Coronavirus has scared Americans. Public health officials and physicians are urging people to stay at home because this disease kills. Many have invoked the language of war, implying a temporary battle against a foreign foe. This framing, though it may galvanize quick support, disregards our own systematic policy failures to prevent, test, and trace coronavirus, and the more general need to solve important policy problems.

Coronavirus is an acute problem at the individual level, but nationally it represents a chronic concern. No doubt, developing innovative ways to increase the number of ventilators, recruit health care workers, and improve hospital capacity will save lives in the short-term — despite mixed messages from the federal government. But a long-term perspective is needed to address the serious problems underlying our country’s systemic failures across public health.

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A satellite image of Hurricane Matthew over eastern Cuba

Should We Consider Climate Editing to Combat Global Warming?

There was a time when humans could impact genes only crudely, such as through radiation. Nowadays, thanks to gene-editing technologies, particularly CRISPR-CAS9, we can edit genes accurately.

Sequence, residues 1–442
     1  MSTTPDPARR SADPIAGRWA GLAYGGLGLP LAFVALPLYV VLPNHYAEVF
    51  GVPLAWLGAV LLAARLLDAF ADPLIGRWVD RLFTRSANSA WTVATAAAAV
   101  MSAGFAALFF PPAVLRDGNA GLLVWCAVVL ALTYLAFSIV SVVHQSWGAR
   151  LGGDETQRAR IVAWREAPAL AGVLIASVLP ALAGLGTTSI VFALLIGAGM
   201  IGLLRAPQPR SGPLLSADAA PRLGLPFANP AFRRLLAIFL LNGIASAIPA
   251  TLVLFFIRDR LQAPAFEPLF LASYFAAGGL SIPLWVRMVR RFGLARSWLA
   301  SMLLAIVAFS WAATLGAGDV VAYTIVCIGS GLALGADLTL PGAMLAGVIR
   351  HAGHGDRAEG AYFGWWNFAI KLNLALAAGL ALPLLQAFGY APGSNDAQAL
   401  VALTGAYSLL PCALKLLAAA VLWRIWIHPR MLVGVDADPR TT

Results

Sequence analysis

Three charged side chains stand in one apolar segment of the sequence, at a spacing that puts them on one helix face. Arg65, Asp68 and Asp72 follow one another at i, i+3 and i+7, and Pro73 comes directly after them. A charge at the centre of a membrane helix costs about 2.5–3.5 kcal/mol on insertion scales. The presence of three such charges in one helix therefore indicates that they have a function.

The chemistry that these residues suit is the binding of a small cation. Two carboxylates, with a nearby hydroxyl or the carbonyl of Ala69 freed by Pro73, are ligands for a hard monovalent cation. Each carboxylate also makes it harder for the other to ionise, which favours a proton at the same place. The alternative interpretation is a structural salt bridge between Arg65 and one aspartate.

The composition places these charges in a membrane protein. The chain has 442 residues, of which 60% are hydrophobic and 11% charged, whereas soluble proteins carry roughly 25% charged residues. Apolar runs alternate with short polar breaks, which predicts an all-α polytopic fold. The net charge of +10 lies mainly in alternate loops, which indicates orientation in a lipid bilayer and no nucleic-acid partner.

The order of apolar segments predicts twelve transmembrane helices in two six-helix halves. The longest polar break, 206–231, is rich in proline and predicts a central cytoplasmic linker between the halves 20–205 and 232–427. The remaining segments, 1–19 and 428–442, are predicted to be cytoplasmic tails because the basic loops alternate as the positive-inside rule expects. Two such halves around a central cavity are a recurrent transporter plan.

Global warming will unleash frequent disasters like hurricanes and flooding. The largely human source of this mess shows that we can impact the climate. So far, that impact remains largely adverse. In the future, we may also develop crude tools for intentional positive impact on the climate. Read More

Landscape of dry and cracked land

Climate Change is Harming Health and the Treatment is Medicine, Law, and Bioethics

By Renee N. Salas

The flurry of media around recent climate change reports may have left your head spinning. These were all released in anticipation of the United Nation’s 24th Convention of the Party (COP24), in follow-up to the Paris Agreement, where the actual nuts and bolts of achieving this historic public health commitment was to be ironed out.

There are two key messages from these reports for the United States. First, climate change is human caused, happening today, and is worse than predicted. Second, climate change is harming the health of Americans now.

As an emergency medicine doctor, telling a patient a diagnosis is something I do frequently. Thus, if America were my patient, I would say that while the health diagnosis of climate change is grave, there is reason to be optimistic — because treatment exists. That treatment is the reduction of greenhouse gas emissions and switching from fossil fuels to solar and wind.

To achieve this treatment in our current political environment, we need historic teamwork that involves every discipline. This includes medicine, law, and bioethics joining together in novel collaborations that work to improve health and save lives.